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Diaz v. State

Supreme Court of Delaware

December 11, 2013

Cesar DIAZ, Defendant Below, Appellant,
STATE of Delaware, Plaintiff Below, Appellee.

Submitted: Oct. 9, 2013.

Editorial Note:

This decision has been designated as "Table of Decisions Without Published Opinions." in the Atlantic Reporter.

Court Below: Superior Court of the State of Delaware, in and for New Castle County, Cr. I.D. No. 1111008581.

Before HOLLAND, BERGER and RIDGELY, Justices.



This 11th day of December, 2013, on consideration of the briefs of the parties, it appears to the Court that:

1) Cesar Diaz appeals from his conviction, following a jury trial, of one count of drug dealing. His only claim on appeal is that the trial court abused its discretion by denying his motion to disclose the identity of the police confidential informant (CI). We find no merit to this claim and affirm.

2) On November 11, 2011, a CI told Wilmington Police Detective Hector Cuadrado that an Hispanic male would be driving a Buick Rendezvous between Philadelphia and Wilmington, carrying a " load of cocaine" in a hidden compartment.[1] The CI also told Cuadrado when it would happen and the route the car would take.

3) Detective Raymond Mullin, and other members of the Wilmington Police Department, set up surveillance along I-95 at the date and time given by the CI. When they spotted the car, they followed it. The car was traveling at a high speed and changed lanes several times without signaling. The police stopped the car and took the driver, Diaz, into custody.

4) After receiving Miranda warnings, Diaz denied knowing anything about drugs being in the car. He signed a consent-to-search form, and the police found cocaine hidden in a secret compartment under the back seat. Mullin then asked Diaz about the drugs. Eventually, Diaz told him that the drugs belonged to " his cousin or his wife's cousin." [2]

5) Diaz was charged with drug dealing, aggravated possession of cocaine, improper lane change and traveling at an unsafe speed. Before trial, he requested that the trial court conduct a " Flowers" hearing [3] to determine whether the State would have to disclose the identity of the CI. After the hearing, the trial court denied Diaz's motion to disclose the CI's identity, but did require the State to concede that the CI never identified Diaz as the likely driver. Diaz was found guilty of drug dealing. The State nolle prossed the remaining charges.

6) Under Delaware Rule of Evidence 509, the State has a privilege to withhold the identity of a CI unless it appears that the CI would provide testimony that would " materially aid the defense." [4] The Flowers court noted four common situations where a CI becomes involved in a criminal investigation: " (1) The informer is used merely to establish probable cause for a search. (2) The informer witnesses the criminal act. (3) The informer participates but is not a party to the illegal transaction. (4) The informer is an actual party to the illegal transaction." [5] In this case, the CI's information only established probable cause, which is a situation where no disclosure is required.[6]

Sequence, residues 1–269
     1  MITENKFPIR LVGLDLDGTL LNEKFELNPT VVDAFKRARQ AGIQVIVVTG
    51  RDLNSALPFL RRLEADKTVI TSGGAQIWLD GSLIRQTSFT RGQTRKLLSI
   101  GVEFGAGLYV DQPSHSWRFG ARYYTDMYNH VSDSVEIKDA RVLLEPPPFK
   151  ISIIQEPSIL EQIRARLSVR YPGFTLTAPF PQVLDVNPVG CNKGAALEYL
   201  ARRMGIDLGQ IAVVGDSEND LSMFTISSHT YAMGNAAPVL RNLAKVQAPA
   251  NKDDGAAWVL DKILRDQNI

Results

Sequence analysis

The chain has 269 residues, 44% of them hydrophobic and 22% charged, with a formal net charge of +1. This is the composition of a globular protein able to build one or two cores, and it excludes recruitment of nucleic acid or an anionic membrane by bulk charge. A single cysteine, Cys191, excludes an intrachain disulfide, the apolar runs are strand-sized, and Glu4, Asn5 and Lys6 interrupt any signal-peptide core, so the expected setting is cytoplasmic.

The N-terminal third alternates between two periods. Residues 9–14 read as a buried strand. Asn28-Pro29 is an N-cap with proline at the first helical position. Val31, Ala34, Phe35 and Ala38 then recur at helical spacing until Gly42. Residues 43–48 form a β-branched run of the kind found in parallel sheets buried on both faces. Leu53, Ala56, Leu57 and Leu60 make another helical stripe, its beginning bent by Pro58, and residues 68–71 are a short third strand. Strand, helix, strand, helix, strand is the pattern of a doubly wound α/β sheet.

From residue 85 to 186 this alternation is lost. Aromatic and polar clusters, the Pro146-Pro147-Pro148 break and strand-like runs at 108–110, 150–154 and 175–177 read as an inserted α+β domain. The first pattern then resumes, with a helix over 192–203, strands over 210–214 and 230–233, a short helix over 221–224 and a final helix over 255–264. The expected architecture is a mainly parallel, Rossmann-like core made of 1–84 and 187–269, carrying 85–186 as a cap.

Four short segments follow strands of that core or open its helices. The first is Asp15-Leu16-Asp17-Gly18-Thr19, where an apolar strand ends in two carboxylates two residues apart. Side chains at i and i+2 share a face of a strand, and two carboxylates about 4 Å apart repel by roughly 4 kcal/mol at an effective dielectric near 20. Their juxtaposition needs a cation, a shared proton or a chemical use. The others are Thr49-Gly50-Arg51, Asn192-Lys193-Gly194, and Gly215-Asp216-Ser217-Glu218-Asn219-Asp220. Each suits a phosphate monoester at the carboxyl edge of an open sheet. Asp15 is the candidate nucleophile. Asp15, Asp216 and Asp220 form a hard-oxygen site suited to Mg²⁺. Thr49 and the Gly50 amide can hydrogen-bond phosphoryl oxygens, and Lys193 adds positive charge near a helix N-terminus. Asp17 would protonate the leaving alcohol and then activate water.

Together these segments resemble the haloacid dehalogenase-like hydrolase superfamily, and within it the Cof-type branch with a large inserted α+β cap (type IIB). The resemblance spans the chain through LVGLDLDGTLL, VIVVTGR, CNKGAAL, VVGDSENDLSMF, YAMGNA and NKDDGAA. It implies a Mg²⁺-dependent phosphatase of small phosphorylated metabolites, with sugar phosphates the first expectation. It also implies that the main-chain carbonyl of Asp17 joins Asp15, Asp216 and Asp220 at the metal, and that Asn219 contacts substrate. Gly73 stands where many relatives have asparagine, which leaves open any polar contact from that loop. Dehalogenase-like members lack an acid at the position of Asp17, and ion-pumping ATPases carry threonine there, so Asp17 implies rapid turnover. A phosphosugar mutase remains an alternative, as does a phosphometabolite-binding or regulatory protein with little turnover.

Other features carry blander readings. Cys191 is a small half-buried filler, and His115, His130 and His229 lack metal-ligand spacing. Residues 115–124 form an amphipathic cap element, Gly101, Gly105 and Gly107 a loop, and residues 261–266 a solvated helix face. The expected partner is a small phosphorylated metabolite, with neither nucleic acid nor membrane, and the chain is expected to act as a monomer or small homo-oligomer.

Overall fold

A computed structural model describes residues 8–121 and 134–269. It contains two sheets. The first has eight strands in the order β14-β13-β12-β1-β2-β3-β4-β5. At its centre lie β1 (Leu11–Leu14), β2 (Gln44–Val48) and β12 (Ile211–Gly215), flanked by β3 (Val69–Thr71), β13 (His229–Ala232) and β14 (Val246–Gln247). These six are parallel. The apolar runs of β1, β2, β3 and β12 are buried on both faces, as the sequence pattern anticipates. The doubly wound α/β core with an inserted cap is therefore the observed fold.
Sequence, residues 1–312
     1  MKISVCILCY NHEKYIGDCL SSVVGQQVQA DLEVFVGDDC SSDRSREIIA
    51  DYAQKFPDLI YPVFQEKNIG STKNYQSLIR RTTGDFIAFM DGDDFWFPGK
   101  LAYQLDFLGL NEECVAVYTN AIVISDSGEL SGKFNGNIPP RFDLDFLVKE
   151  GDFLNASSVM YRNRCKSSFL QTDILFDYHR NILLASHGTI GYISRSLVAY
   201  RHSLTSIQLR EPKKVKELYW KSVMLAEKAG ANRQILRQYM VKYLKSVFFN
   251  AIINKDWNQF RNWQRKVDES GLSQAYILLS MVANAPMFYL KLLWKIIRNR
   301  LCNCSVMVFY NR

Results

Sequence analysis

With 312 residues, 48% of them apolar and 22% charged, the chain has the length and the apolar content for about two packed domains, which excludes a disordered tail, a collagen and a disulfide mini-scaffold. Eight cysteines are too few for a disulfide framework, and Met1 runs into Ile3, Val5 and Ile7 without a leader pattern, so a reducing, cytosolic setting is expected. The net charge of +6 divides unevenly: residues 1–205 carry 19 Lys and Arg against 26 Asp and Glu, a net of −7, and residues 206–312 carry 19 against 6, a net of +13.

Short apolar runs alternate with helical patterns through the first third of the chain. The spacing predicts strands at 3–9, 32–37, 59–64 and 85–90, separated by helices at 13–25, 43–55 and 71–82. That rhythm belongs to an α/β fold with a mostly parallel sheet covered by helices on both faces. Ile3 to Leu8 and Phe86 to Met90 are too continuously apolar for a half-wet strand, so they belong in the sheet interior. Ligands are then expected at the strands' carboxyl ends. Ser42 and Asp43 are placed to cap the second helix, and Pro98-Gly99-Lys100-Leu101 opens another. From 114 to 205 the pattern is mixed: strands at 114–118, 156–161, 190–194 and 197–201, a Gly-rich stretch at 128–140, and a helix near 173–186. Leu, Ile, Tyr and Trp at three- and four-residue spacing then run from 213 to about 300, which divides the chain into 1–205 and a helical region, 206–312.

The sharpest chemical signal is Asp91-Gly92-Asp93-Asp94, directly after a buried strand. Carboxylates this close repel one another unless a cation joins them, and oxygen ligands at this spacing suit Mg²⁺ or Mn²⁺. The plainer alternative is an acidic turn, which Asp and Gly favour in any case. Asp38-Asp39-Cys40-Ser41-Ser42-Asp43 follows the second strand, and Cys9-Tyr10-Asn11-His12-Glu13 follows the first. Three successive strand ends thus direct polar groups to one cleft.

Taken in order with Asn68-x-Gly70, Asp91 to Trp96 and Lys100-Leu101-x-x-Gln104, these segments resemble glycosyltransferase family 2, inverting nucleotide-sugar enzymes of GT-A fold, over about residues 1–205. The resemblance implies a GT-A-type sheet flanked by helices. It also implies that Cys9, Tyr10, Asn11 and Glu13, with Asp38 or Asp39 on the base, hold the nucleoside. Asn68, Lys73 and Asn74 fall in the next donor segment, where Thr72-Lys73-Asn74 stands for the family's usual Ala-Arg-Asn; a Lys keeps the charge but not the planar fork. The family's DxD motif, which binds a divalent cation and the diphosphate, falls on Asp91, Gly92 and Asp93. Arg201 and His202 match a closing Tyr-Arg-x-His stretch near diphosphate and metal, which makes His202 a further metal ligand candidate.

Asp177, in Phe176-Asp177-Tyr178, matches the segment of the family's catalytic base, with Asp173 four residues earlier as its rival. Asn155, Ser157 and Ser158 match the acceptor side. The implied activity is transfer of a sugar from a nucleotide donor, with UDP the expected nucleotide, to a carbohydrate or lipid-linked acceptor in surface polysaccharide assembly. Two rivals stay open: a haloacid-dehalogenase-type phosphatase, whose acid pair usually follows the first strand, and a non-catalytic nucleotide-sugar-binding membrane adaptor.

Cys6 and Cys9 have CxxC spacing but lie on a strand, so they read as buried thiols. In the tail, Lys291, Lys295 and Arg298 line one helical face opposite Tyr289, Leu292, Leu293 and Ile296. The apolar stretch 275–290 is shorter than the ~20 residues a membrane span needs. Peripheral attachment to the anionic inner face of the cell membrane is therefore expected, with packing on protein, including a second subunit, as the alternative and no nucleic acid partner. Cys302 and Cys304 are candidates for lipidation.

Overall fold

7) Nonetheless, Diaz complains that the trial court abused its discretion in conducting the Flowers hearing. The only person who testified was Detective Guy DeBonaventura, an officer who did not know, or have any direct information about, the CI. Diaz contends that, if the CI were available to the defense, the CI might testify that Diaz was not a trusted associate of the drug " kingpin," and that testimony would support his claim that he did not know that there were drugs hidden in the car he was driving.

8) This argument fails for two reasons. First, it is entirely speculative.[7] Second, such testimony would not materially aid the defense. Diaz admitted to two officers that he did know there were drugs in the car. The CI would not be in a position to testify that Diaz did not know about the drugs. The most the CI could have said is that the " kingpin" would not have told Diaz about the drugs. A statement like that would do little to establish Diaz's actual knowledge.

9) In sum, because the CI's only involvement with the police was to provide probable cause, the limited Flowers hearing, which in other circumstances might not have been acceptable, was adequate. For the same reason, there was no abuse of discretion in denying Diaz's request to obtain the CI's identity.

NOW, THEREFORE, IT IS ORDERED that the judgment of the Superior Court be, and the same hereby is, AFFIRMED.

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